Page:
Britain’s remain campaigners are so dramatically undermined by this it’s priceless. They’re warning about the disaster of Brexit while the EU is terrified it’ll be a roaring success!

Well, which is it?

Why Brexit will succeed, according to the EU

According to the Telegraph’s summary of the presentation, the EU is worried that the plan for regulatory alignment on goods, but a divergence on services, will allow the UK to get too much of a competitive advantage.

In short, we’d undercut the EU, leading to better economic performance in Britain over time.

But this doesn’t just expose how much better off Britain would be under Brexit. It also shows how the EU is holding back prosperity on the continent. Which is not good news for the future of the EU.

Barnier is refusing to consider May’s deal because it violates the single market, “our greatest asset”. How can it be an asset when leaving allows you to take a huge chunk of GDP with you by outperforming the economies in the single market?

The biggest effect of Brexit, if we pull it off, will not be for Britain. It’ll be exposing the effects the EU has on the countries stuck in it.

The euro currently gets a limited amount of blame for keeping southern Europe in the economic doldrums. Countries there used to rely on devaluing their currency to recover from their wacky fiscal and economic policies.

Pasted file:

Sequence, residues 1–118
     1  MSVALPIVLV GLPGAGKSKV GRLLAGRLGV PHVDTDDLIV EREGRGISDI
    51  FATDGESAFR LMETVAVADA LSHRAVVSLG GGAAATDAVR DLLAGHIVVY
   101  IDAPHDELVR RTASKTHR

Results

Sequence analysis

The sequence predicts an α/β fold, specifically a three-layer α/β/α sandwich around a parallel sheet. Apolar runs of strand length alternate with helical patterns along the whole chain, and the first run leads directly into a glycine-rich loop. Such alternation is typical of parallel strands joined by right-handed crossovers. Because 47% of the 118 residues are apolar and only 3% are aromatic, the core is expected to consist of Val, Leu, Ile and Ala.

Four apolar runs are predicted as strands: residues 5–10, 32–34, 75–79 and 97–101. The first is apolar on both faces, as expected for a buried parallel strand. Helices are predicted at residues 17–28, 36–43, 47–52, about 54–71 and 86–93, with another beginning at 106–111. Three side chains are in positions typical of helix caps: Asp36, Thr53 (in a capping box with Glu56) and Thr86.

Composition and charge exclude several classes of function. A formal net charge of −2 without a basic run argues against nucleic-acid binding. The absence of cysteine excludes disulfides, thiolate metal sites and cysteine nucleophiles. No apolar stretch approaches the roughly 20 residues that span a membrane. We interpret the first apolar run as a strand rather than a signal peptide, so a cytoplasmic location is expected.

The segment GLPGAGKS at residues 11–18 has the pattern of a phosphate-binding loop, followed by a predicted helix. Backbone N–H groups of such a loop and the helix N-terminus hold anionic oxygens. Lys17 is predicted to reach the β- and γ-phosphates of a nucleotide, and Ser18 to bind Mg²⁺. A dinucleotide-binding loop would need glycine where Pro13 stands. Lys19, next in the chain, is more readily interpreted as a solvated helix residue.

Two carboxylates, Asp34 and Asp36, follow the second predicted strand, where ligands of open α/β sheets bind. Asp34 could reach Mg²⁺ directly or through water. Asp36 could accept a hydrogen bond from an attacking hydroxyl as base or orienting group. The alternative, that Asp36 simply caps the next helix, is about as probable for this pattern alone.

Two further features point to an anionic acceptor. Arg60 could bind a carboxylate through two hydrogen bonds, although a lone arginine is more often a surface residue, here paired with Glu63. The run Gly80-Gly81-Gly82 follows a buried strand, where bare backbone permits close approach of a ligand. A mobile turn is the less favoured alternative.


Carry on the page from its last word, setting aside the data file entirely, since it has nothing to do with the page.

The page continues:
In his book The Euro Trap, the economist Hans-Werner Sinn explained how often some countries which are now inside the eurozone made use of this pressure valve:

From the time the Bretton Woods system collapsed (1973) to the virtual introduction of the euro (1999), the lira devalued against the deutschmark by 80%, the peseta by 76% and the French franc by 52%.

In the EMS period (13 March 1979 to 31 December 1998), Italy devalued thirteen times and revalued once, France devalued six times and Spain four times.

To Italians, it’s clear the currency is holding them back. That’s one reason the mini-BOT currency proposal was popular.

But if the Italians see Britain booming after leaving the EU, it’d be too much to ignore.

And that’s the pickle the Europeans find themselves in. If they take a hard line against Britain, it harms their existing trade relationship and the economies of Europe. And exposes them as anti-trade in the midst of a trade war with Donald Trump, who they criticise for being anti-trade…